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The proposed “true crime” film about the life and crimes of Kermit Gosnell has moved forward, hiring novelist Andrew Klavan to write the script.

Klavan is known in Hollywood as the author of the books True Crime and Don't Say a Word, both of which were made into films. He also wrote a series of books for young adults.

Klavan called Gosnell “the banality of evil made flesh.” Although Gosnell was “the worst serial killer in American history,” he said, “there's this powerful bureaucratic inertia that provides him cover.”

Pennsylvania state authorities stopped inspecting abortion facilities after pro-abortion Republican Gov. Tom Ridge worried too few abortion providers could meet appropriate health standards, according to the Gosnell grand jury report. Gosnell was convicted of murdering a handful of the reported “hundreds” of newborn children whose spines he severed with scissors in this West Philadelphia Women's Medical Society.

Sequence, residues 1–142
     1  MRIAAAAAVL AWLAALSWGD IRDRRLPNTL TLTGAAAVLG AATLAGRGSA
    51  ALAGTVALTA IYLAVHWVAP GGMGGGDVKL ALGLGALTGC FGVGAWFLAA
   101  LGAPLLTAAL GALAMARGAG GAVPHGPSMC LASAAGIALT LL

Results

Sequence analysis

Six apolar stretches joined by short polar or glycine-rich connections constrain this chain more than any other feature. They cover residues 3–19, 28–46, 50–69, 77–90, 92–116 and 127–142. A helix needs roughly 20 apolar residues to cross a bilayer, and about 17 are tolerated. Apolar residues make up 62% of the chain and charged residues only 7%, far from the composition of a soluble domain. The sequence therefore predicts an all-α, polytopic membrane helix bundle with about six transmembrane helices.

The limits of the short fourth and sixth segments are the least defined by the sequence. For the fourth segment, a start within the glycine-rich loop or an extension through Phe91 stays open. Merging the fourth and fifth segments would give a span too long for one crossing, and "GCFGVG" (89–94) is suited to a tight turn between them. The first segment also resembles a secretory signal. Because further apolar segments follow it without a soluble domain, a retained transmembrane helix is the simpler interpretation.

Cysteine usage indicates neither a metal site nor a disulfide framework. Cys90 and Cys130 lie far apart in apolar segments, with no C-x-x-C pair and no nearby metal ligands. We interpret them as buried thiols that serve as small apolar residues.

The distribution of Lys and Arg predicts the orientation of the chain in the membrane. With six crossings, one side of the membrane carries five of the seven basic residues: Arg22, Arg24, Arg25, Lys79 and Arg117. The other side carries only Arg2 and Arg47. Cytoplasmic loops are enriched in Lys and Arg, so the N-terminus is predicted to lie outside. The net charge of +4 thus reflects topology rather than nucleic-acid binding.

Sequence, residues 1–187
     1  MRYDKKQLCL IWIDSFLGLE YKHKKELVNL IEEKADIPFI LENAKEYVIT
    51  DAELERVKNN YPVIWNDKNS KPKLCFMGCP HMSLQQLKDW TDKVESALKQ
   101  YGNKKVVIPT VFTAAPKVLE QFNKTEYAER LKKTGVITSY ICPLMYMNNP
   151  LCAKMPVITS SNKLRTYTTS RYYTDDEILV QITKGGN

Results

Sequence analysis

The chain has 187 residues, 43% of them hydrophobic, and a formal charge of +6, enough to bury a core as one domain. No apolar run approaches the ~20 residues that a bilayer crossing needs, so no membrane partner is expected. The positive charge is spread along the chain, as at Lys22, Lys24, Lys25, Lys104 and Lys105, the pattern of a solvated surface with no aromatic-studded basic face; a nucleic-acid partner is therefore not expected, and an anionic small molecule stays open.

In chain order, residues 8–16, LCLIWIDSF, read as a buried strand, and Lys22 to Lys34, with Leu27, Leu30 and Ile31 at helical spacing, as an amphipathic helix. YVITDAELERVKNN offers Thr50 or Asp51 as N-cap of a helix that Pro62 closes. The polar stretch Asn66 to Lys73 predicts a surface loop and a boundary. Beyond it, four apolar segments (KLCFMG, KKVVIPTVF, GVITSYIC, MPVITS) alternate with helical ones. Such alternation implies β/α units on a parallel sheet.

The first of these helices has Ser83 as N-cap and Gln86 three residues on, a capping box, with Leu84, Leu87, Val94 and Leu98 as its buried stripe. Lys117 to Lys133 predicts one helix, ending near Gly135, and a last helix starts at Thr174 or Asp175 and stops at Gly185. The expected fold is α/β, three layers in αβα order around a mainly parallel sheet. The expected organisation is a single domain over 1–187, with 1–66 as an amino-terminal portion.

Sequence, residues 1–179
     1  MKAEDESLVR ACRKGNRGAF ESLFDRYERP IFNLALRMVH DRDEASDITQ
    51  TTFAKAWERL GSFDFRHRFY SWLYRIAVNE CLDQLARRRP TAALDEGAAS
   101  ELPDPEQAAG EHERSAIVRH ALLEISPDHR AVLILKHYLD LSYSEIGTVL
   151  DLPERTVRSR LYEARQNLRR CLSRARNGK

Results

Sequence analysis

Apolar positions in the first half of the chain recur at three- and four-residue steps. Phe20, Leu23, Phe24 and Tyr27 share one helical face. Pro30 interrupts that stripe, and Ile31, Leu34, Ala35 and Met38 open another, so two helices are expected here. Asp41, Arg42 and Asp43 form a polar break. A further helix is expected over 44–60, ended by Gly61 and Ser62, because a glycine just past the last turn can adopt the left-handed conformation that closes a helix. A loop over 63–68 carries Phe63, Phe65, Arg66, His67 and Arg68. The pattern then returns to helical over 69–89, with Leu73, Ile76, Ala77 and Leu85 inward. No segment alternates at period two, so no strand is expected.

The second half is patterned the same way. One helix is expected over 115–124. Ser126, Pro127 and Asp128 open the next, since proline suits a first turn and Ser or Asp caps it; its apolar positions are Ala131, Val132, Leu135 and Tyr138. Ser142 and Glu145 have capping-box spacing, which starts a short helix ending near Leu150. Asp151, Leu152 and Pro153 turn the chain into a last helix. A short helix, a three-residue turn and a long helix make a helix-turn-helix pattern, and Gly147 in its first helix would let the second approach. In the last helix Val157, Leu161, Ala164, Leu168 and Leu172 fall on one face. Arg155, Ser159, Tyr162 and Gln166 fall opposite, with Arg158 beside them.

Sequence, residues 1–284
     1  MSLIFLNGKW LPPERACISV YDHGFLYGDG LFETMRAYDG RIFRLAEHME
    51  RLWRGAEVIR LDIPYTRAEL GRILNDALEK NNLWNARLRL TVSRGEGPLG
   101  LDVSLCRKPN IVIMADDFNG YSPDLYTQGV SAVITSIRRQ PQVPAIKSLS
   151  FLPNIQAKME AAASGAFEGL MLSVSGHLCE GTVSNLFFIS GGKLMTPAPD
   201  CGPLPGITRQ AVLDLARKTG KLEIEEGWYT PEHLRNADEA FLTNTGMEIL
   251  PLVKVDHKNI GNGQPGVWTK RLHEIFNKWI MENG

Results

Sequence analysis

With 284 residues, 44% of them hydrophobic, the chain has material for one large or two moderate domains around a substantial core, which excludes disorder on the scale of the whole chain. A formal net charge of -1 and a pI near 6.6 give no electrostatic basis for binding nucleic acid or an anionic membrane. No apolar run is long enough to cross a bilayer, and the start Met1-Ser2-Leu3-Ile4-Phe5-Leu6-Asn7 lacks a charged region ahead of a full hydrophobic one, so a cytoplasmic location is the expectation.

“The Gosnell murders were an inconvenient truth that no one wanted to tell,” Klavan told The Hollywood Reporter.

Former Hercules star Kevin Sorbo agreed, saying, “Nobody wants to talk about [Gosnell], because the details are too damaging to certain political agendas.”

In addition to Sorbo and his wife Sam, the film has been endorsed by former U.S. Sen. Jim DeMint, Drama Queen star Sloane Brown, and Nick Searcy of Justified.

Details of the plot are scarce. McElhinney hinted that the film may focus on the forgotten “heroes” of the ordeal, such as women who changed their mind about having an abortion at Gosnell's “house of horrors” and the handful of journalists who brought the story to national prominence.

The film is being produced by Hat Tip Productions. Irish journalists Phelim McAleer and Anne McElhinney worked together on the documentary FrackNation. Magdalena Segeida is the Polish-born producer behind Not Evil Just Wrong. Their other work includes Mine Your Own Business and The Search for Tristan's Mum.

McAleer, McElhinney, and Segeida raised its initial goal of $2.1 million from an impressive 23,524 donors in 39 days. (They raised $2.24 million before the campaign closed on May 12.) They turned to the crowdfunding website Indiegogo after being banned from Kickstarter